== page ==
Friends since third grade, Permian High School graduates Faith Fulbright and Sneha Kesavan are heading to University of Texas at Austin together.
Fulbright is the valedictorian and Kesavan is the salutatorian out of a class of a little more than 800.
“I’m glad it happened,” Fulbright said. “A lot of work goes behind it. Obviously, it’s super big. … I think there’s a lot of sacrifice that goes into it, but it’s really rewarding.”
Kesavan said they always knew they would fill the valedictorian and salutatorian spots.
“We’re like besties, so it’s really cool that we were able to do this together,” Fulbright said.
“We don’t even secretly hate each other,” Kesavan added.
Fulbright said there was competition between them, but Kesavan said they are self-deprecating about it.
Kesavan added that they have a large group of friends and they joke that they are the smartest students, but they don’t act like it.
But seriously, Fulbright said it has been a dream of hers to be in the top two.
“… So it’s nice to finally get to realize that dream,” she said.
Kesavan said she always just worked really hard, so she didn’t set out for the top 10.
“… It was sort of … like do my best and whatever happens, happens …,” Kesavan said.
Fulbright is going into the honors business program at UT and Kesavan is going to major in neuroscience at the College of Natural Sciences. She is in the Woman in Natural Sciences Honors Program.
Fulbright said her parents, who graduated from University of Texas at Arlington, didn’t push her to go to any particular school, but with UT Austin it seemed that everything aligned.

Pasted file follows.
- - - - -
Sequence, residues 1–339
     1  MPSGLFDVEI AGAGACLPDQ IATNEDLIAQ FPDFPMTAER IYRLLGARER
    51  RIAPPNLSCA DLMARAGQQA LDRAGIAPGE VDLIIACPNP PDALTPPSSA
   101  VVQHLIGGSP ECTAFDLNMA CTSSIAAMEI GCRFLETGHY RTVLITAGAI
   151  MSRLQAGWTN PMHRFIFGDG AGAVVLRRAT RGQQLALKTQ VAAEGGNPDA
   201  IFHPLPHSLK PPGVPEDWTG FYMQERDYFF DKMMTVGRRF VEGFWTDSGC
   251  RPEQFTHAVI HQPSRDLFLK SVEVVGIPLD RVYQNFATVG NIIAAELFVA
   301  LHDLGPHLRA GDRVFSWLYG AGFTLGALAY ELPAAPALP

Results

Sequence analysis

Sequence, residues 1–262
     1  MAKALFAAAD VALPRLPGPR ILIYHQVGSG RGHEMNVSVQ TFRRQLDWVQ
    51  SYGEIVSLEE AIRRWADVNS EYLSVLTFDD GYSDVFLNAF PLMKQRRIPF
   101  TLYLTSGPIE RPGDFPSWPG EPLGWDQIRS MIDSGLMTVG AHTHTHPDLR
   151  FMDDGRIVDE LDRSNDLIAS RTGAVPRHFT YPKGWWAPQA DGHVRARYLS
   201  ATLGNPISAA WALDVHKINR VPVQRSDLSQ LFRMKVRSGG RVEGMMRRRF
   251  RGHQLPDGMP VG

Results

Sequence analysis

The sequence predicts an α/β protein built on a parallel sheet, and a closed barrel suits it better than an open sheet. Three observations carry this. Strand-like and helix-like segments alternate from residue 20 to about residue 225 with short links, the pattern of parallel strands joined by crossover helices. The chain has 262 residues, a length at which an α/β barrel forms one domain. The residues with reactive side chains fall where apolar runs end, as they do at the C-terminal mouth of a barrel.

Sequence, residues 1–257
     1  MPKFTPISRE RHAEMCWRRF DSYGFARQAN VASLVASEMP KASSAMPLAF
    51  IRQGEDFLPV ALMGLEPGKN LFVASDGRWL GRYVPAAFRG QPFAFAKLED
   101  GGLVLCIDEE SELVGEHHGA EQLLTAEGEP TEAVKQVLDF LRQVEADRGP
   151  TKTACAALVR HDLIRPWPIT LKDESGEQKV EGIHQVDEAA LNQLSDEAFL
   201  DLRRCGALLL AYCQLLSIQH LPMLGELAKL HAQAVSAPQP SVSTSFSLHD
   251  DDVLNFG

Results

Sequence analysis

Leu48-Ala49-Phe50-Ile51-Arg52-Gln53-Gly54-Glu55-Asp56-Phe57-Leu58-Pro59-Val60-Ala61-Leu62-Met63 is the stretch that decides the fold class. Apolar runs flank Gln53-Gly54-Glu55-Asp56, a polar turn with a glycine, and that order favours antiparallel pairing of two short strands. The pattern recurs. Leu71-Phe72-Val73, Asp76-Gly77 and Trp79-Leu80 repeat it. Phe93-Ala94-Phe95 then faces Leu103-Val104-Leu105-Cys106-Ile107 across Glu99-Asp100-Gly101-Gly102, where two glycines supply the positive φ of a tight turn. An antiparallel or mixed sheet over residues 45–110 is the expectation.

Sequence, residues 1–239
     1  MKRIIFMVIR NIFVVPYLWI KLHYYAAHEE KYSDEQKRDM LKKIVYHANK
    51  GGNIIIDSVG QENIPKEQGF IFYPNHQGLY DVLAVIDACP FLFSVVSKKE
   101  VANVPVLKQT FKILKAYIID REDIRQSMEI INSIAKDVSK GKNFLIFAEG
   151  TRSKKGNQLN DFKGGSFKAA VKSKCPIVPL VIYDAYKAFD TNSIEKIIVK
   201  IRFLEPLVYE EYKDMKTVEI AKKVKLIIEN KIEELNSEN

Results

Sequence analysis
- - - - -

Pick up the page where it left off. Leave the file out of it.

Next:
“… They were so nice to me and … made me feel really special, so I’m really glad I’m going to UT,” Fulbright said.
Kesavan said it’s always been a flagship school and it seemed like it would be a great experience. She visited in person her sophomore year.
Fulbright said they visited last summer and took an unofficial tour.
Both Fulbright and Kesavan acknowledge that this year has been different because of COVID-19.
“It’s just been so much harder,” Kesavan said. “I think like it’s been so much harder to be motivated and we forget that we have so many things coming for us and graduation and everything because like we don’t feel like seniors. We still feel like … prolonged juniors and so … I guess that realization is finally kicking in, especially right now …”
Fulbright said she didn’t think her senior year would be like this, but there have been good parts such as more flexible class schedules because of the online option.
Fulbright and Kesavan are expecting UT to be more normal in the fall than it was this year.
“I think now they’re expecting more people stay in the dorms and go to more in person (classes), so it’ll definitely be more normal start in the fall,” Kesavan said.
Kesavan said her mother is a chemistry professor at Midland College and her dad is a computer engineer for Workforce Solutions.
“She’s definitely helped me so much through school. I really couldn’t have done it without her.
Fullbright’s mother is chief of staff/executive director of communication at University of Texas Permian Basin and her father is a pharmacist. She said she couldn’t have gotten to this point without the support of her family, friends, and most importantly, her teachers.
She added that teachers “make or break” how students perform in school.
Kesavan said she’s proud of what they have accomplished in high school and she’s glad that they are in the top two.
“I don’t have any regrets,” Kesavan said.